The fact is: we have all taken human life for granted, haven’t we? Ah, there’s no point denying it. The virus has made us realise that the human race isn’t invincible. In fact, ours is a race as brittle as glass, and all of us are prone to disease, death, and misery. Also, it goes without saying that all of our hard-earned money can vanish within minutes, all of it. Just look at the plight of the stock markets if you disagree. 

‘Normal’ life has been derailed

We seem to be learning that our planet, and the life forms it sustains, are fragile, and we’re learning it the hard way. A godforsaken virus is killing people in large numbers while forcing us to practice social distancing. Grocery stores are running dry as people have started with the panic-buying exercise. We can’t even go out in order to meet our friends and colleagues, and eating out is now a distant memory. So, to top it all, we have all been robbed of the bite-sized pleasures of life. 

In all fairness, many of us have this habit of taking things for granted, don’t we? Take this for an example: most of us waste a lot of food, don’t we? And now we are here, trying to keep our body and soul together in an era where food prices are skyrocketing because of panic buying.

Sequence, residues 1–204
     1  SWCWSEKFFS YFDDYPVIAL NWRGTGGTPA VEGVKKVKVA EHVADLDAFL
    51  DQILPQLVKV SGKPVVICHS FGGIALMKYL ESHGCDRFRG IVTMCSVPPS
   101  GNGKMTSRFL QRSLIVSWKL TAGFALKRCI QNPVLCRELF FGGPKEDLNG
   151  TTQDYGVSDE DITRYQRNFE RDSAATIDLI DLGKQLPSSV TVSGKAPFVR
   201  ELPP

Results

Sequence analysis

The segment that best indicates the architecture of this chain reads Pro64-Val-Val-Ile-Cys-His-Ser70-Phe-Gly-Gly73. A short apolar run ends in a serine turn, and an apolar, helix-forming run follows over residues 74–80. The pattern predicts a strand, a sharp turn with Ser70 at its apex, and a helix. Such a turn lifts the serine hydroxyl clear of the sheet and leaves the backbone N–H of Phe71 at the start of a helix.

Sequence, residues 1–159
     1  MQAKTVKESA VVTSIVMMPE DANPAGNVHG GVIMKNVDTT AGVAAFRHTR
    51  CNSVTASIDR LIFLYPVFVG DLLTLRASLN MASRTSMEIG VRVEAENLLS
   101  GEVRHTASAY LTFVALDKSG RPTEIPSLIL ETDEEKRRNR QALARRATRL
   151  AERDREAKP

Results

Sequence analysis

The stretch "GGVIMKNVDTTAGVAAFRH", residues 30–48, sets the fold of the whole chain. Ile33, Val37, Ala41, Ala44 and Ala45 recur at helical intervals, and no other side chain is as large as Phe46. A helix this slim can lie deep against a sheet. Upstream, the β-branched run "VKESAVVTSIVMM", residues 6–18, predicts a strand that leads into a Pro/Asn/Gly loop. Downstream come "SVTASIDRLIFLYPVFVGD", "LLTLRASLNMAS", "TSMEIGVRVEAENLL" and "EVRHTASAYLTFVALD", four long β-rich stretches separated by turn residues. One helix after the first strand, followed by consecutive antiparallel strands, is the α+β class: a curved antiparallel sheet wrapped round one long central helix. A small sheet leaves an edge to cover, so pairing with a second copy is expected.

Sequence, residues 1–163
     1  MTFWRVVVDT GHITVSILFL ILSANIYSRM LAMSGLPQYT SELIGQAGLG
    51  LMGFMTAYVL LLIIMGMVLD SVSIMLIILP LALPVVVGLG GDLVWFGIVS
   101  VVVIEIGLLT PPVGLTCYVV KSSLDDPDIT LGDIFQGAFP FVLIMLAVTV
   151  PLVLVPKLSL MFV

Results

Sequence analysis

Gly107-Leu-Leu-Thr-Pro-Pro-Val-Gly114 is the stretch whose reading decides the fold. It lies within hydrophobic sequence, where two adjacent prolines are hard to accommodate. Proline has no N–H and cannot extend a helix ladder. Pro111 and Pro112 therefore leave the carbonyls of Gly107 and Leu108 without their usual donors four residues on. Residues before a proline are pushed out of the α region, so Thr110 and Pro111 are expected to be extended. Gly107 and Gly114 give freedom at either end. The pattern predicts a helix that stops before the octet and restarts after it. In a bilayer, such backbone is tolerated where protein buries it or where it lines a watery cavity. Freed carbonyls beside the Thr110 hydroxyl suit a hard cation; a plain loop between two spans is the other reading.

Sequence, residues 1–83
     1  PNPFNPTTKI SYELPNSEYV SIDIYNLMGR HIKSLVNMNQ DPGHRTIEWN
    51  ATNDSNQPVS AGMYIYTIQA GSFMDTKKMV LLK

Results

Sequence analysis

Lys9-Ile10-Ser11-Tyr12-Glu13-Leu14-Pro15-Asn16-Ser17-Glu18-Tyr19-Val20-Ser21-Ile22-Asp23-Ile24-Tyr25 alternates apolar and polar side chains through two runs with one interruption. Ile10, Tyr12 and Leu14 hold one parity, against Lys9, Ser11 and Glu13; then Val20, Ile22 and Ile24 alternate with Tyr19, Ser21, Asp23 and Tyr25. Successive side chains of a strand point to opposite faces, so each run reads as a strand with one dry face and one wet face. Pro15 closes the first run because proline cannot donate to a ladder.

Furthermore, many of the popular tourist attractions across the globe have turned into graveyards. Take the example of Italy, the European giant. The country, one of the world’s most popular tourist destinations, has turned into a ghost town. More than 4,000 have died in different parts of the country ever since the pandemic showed its ugly head. 

To make matters worse, the country reported 627 deaths on Friday (March 20, 2020). The sick and the elderly have been dying a slow and painful death, and cannot be visited by their relatives. A feeling of perpetual sorrow seems to have made inroads into the minds of people, but there’s something much worse than sorrow, i.e., helplessness. People have been dying in large numbers, and we have done nothing (because we can do nothing). Such is life, you see.